"We'd tell him if his behavior improved, we would work out a way for him to return," Anne Marie says. "He would try not to make mistakes, but it was almost like he couldn't help it."
But the "mistakes" grew more frequent and more serious. They worried that Chad was stealing money after he brought home an expensive guitar, valuable comic books, and stacks of CDs. He hot-wired a neighbor's boat and returned it to its slip with much of its equipment ruined. A few times he ended a violent family fight by running away.
"I always had these questions in my mind. My family was on the other side of the world. It brought me down," says Chad. "I didn't try to get in trouble. But somehow I needed to make myself feel better."
The Ostrowskis enrolled Chad at an exclusive boarding school in northern Connecticut. Just as they were drawing a sigh of relief, the school called. Chad had put his hand through a plate-glass window, cutting himself from wrist to elbow. By Halloween, he had run away and was expelled. They enrolled him in a public high school, but he was suspended after three days. The psychologist he was seeing then told Chad's parents their son was talking about suicide.
"I thought about it a lot," said Chad, with chilling calmness. "But I just couldn't bring myself to do it."
Chad would tell them -- often at the top of his voice -- that he needed his father in Korea. After one blistering fight, Chad slammed the door of his bedroom and shouted words at his parents they will always remember.
"You're not my parents," he screamed. "You wanted a son, and people were willing to sell me and you bought me." By this time, it seemed to the Ostrowskis that their decision to adopt Chad was all wrong. "We knew we had to do something. We had to fix this terrible thing," says John. "We didn't know if bringing him back to Korea would help, but we had so few options."
Almost ten years after they were united that day at JFK airport, the Ostrowskis told New Beginnings they wanted to take Chad home. The agency flatly rejected the suggestion. John hired a lawyer and began a series of negotiations to get Chad repatriated. After being contacted by the Ostrowskis' lawyer, New Beginnings came up with a distant relative of Chad's in Dallas and suggested they send their son there.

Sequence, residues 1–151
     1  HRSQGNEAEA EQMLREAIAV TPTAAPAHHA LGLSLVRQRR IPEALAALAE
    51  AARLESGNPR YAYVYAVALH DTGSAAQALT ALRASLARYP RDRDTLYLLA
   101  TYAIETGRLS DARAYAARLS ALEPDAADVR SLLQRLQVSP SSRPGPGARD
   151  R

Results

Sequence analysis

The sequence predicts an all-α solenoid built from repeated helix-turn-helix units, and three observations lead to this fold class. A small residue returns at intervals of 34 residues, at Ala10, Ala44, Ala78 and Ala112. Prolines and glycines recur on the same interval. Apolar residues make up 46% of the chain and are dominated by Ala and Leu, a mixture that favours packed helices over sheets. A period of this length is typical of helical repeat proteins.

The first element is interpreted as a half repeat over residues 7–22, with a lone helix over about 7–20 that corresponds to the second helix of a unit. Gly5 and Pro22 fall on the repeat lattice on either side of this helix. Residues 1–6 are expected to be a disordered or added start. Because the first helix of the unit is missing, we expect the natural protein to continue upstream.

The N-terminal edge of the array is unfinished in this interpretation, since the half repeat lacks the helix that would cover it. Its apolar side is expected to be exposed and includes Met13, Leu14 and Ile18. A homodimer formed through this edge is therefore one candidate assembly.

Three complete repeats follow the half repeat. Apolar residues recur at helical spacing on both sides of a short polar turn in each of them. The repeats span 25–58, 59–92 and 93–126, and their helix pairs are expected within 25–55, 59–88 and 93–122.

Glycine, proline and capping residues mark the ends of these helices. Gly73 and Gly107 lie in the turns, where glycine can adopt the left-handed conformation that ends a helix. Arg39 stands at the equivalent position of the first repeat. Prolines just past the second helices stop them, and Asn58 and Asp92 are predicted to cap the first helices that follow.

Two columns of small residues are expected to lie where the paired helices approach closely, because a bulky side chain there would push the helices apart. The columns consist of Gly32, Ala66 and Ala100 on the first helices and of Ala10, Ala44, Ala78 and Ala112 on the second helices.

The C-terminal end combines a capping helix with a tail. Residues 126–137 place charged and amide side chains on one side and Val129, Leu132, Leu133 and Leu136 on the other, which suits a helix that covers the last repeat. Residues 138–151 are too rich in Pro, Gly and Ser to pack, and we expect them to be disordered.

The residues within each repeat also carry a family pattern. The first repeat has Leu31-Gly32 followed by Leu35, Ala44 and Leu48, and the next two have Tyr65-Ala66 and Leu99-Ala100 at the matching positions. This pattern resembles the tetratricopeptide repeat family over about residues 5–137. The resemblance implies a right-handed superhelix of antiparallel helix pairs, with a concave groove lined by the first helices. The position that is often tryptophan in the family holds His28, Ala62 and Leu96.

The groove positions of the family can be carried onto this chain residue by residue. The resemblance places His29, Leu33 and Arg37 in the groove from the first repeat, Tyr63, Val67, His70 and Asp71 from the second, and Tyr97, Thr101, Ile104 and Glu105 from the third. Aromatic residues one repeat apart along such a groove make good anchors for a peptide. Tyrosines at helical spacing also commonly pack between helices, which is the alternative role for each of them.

"In our opinion, returning him to Korea was too drastic a measure," said Sutfin.
"It was so frustrating. They didn't seem to get it. The point was not to send Chad away; the point was to give him back his father," John said.
In February, Chad got in a fight so bad his opponent's father threatened to press assault charges. Anne Marie no longer trusted him to be in the house alone. His grandmother refused to be alone with Chad after they'd had a screaming argument. To compound matters, he was smoking pot and drinking.
"I was afraid for my parents," says John II. "Afraid that he might hurt them."
Last April, Anne Marie, John, and Chad boarded a plane for Korea. Not even Chad's grandparents knew they were going. He left his books and sports jersey in his locker at school, and his beloved guitar at home in Westchester. Officials at Eastern were aware the Ostrowskis were coming to reunite Chad with his father but had promised them nothing. The Ostrowskis left a folder of documents with their congresswoman, Sue Kelly, and a lawyer in New York, in case they ran afoul of Korean immigration officials.